Annual General Meeting – 15 February 2017

46 Members of St Agnes Museum Trust were welcomed to their 33rd Annual General Meeting in the Methodist Church Hall by our Chairman, Roger Radcliffe.

The Treasurer’s report, read by the Chairman, revealed a total income of £16691, with total payments of £10406, leaving a surplus of £6285, as against a surplus of £2378 in the previous financial year. The Treasurer, Sue Amor, recommended that subscriptions be held at the same rate for 2018.  Gift Aid, collected by Lesley Kazan Pinfield, had raised £2171 and shop sales £7049.

The Curator’s report, given by Assistant Curator, Philip Mitchell, mentioned that all information required for Accreditation had been sent to the Arts Council, and showed photographs c1880s-1896 from a photograph album recently acquired at auction, which were much appreciated by Members.  The farming scene shown in the January Newsletter was identified as Presingoll Farm, owned by the Hichens family.

Membership Secretary, Mary Wilson, reported a membership of 212, made up of 129 single, 80 family, 69 lifetime and 3 Honorary. There were 55 Members still to renew for 2017.  Six new Members had joined during the year.

Chairman, Roger Radcliffe, paid tribute to all those who helped keep the Museum open, including all the Stewards, sponsors, who generously contributed to new purchases, donors, who gave objects to the collection, the Curatorial Team, shop managers, Mike and Lynn Furness, the Journal and Newsletter Editors, our membership, and the “quiet army behind the scenes”, including Emily Morgan who maintains the website.  All the officers, including Chairman, Roger Radcliffe, Vice Chairman, Clive Benney, Treasurer, Sue Amor, and Secretary, Laura Coggins, were re-elected unopposed, as were the eight members of the Committee, Isobel Burrows, Clare Murton, Liz Thompson, Mike Furness, Colin Harris, Philip Mitchell, Steve Roberts and Peter Thomas.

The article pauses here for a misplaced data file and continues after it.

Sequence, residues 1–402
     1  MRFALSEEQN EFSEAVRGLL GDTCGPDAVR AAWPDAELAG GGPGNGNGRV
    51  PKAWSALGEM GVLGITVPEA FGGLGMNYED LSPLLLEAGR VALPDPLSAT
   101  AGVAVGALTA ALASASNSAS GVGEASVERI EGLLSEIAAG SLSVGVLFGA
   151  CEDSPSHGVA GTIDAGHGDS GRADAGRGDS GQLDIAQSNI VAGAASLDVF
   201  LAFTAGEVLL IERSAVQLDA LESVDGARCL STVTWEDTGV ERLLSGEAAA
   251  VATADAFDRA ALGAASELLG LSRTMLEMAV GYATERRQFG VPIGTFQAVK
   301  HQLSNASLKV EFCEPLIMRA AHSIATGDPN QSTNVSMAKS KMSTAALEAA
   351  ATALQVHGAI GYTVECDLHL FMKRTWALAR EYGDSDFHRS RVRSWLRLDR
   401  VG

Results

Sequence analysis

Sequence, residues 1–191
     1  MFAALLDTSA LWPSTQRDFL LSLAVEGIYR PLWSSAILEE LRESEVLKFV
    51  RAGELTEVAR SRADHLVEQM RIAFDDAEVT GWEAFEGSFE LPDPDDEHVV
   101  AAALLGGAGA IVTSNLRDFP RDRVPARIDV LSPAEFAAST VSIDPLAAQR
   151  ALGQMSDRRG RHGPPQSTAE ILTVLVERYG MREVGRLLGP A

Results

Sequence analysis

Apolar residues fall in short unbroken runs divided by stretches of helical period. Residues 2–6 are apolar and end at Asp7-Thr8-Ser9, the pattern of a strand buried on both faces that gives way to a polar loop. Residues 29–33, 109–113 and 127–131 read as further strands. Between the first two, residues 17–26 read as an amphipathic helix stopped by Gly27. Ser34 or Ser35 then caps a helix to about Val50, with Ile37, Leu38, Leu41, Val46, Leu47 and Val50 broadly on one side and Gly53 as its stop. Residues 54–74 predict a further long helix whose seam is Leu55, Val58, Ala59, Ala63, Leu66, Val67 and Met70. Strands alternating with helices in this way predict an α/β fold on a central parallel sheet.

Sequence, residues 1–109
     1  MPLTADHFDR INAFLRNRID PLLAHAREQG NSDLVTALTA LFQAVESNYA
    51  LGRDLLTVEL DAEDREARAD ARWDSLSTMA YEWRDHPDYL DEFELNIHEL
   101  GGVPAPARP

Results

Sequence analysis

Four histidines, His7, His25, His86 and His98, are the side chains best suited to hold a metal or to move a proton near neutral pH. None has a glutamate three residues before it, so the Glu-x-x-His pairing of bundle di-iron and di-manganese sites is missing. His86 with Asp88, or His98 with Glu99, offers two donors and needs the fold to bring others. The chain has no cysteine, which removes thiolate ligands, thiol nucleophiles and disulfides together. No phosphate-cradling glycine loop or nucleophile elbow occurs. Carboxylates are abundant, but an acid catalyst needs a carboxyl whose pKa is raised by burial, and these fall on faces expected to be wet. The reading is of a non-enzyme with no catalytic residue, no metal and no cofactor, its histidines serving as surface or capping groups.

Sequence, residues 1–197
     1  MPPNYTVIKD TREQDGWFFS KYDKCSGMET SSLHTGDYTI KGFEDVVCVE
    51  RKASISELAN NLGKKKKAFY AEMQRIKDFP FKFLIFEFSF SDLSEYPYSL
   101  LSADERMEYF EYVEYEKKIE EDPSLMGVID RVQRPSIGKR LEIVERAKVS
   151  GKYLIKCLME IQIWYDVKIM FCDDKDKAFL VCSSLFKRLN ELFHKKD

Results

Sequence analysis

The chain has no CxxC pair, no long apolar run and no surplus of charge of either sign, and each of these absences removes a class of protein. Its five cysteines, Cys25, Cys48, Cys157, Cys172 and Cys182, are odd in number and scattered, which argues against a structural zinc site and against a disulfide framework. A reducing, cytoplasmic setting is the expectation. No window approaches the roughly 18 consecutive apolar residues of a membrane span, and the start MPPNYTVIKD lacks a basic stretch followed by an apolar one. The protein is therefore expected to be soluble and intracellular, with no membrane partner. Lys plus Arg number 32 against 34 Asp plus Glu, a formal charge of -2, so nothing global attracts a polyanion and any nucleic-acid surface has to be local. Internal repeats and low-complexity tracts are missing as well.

After a coffee interval, Philip Mitchell gave a fascinating talk on the Donnithornes of St Agnes, who made and lost a huge fortune based on mining and smelting in 60 years, starting with Nicholas Donnithorne, 1668-1737, and continuing with his sons Joseph (1691-1743), James (1706-1757) and Isaac (1708-1782).  It was Isaac’s son, Nicholas (1744-1796), who lost the family fortune.  Philip, who answered many questions from his appreciative audience, was warmly thanked by the Chairman.

Third time lucky for purchase of Wheal Towan decanter

In September 2012 the Museum unfortunately failed to buy at auction a fine late 18th/early 19th century decanter inscribed ‘Wheal Towan’, dropping out at just under £400 – something we have since regretted as we have no Counthouse china or glass in our collection and Wheal Towan was a significant mine in the Parish, although scarcely a trace of it survives.

It began its first phase of work in around 1765 and in its second phase from 1799 – 1814, it not only helped make R A Daniel (Guinea-a-minute Daniel) a fortune enabling him to build Trelissick, but the mine later became the scene of great interest in the development of the Cornish beam engine. An engineer called Samuel Grose in the mid 1820s used the Wheal Towan 80” engine to help pioneer his insulation system to reduce heat losses and increase fuel efficiency. For a short time during the mid to late 1820s the Wheal Towan 80” became the most efficient engine in Cornwall. The decanter seems to originate from the 1799 – 1814 period.